Thursday, January 5, 2012

On Turmeric farming and collapsed Market.


Srilatha Menon spoke to me over phone about Turmeric farming and collapsed market.She has quoted my views,
Kannaiyan








Sreelatha Menon: Invoking the snake god
Turmeric growers caught between plummeting prices and an indifferent government
Sreelatha Menon / New Delhi January 01, 2012, 0:13 IST

The roots of turmeric spread through the earth like veins of gold, offering the growers the value for their sweat. But the year 2011 has not proven to be that lucky for the 15 lakh turmeric cultivators in the country like Devasikamani, who grows turmeric every year on his seven-acre land in Erode, Tamil Nadu. For, there has been a 40 per cent increase in production, say government officials, but the prices have plunged like never before.
Turmeric has seldom let down farmers. The cultivation is confined to a few districts in five states, accounting for 78 per cent of the global output. The imports from some African and Asian countries don’t pose much of a threat either.
Last year, the crop fetched an unprecedented Rs 18,000 per quintal, more than double the usual price. However, in 2011 it was a mere Rs 3,500 per quintal.
Devasikamani has stored his crop, over 140 quintals at home, waiting for the time the prices would improve. But not all could wait. Even he couldn’t for long. The desperation was showing. Now, farmers are pawning their produce with grasping commission agents for interest rates as high as 30 per cent, says S Kannaiyyan of the South Indian Coordination Committee of Farmers Movements. This helps them store and at the same time get credit. But they are also forced to sell at a low price offered by the agents, he says.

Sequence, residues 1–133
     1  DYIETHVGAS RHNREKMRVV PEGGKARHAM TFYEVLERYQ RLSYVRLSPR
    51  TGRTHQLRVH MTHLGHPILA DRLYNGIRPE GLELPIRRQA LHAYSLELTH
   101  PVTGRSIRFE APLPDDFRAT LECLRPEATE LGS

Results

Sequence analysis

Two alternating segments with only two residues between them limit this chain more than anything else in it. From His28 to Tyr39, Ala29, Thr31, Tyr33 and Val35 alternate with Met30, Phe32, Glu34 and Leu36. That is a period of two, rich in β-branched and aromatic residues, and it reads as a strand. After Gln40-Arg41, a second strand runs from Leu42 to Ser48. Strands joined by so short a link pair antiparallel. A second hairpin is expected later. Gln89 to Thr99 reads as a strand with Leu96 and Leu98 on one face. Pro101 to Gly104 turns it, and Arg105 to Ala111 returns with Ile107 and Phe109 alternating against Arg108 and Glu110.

Ditto is the case for farmers in Erode, Coimbatore, Salem and Karur in Tamil Nadu. Outsiders don’t even store it in the Erode market. They just leave with the price they get, Kannaiyyan says.
The farmers are a few in numbers but the government has not been able to reach out to them. The Spices Board washes its hands off turmeric and ginger saying the state agriculture departments must intervene.
The Board admits it has a mandate for post-harvest activities, but it has no ‘schemes’, and hence won’t do anything.
"We have provided them turmeric boilers in the past. Now we are asking for new schemes for processing and product development under the next Five Year Plan,’’ says Spices Board Secretary Suresh Kumar.
As for the present crisis of low prices, Kumar says the Board could explore export possibilities in new markets. But that would mean a long wait.
Last month, Devashikamani and fellow farmers from Orissa, Maharashtra, Andhra Pradesh and Madhya Pradesh met at Sangli in Maharashtra to form a national turmeric growers association.
They want a say in the price of the commodity. They are meeting again in January to announce a new price based on MS Swaminathan's formula of cost of production and 50 per cent profit. Since there is no procurement or support price, the farmers have decided to take the matter in their hands.
The association says it has got an assurance from Minister of state for commerce and industry Jyotiradiya Scindia that imports would be banned. But Kannaiyyan fears the worst if the government doesn’t intervene. Turmeric growers may also follow the same path as the ginger growers in Wayanad where ten suicides have been reported in 2011, he says. The handful of districts that grow turmeric and the 15 lakh farmers need bank loans on their produce and also storage facilities. When farmer organisations recently met Agriculture Minister Sharad Pawar, they asked him to study the turmeric growers’ needs for godowns and processing units. Nothing happened so far, says Kannaiyyan.
While departments of spices and agriculture turn their back on ginger, cardamom and turmeric growers, the latter at least can invoke the snake gods… anantham, vasukeem, shesham, padmanabham, kambalam, shankapalam, dhartharashtram, takshakam, kaliyam…and hope that the food for the gods can't ever be enough. Nor their intervention.

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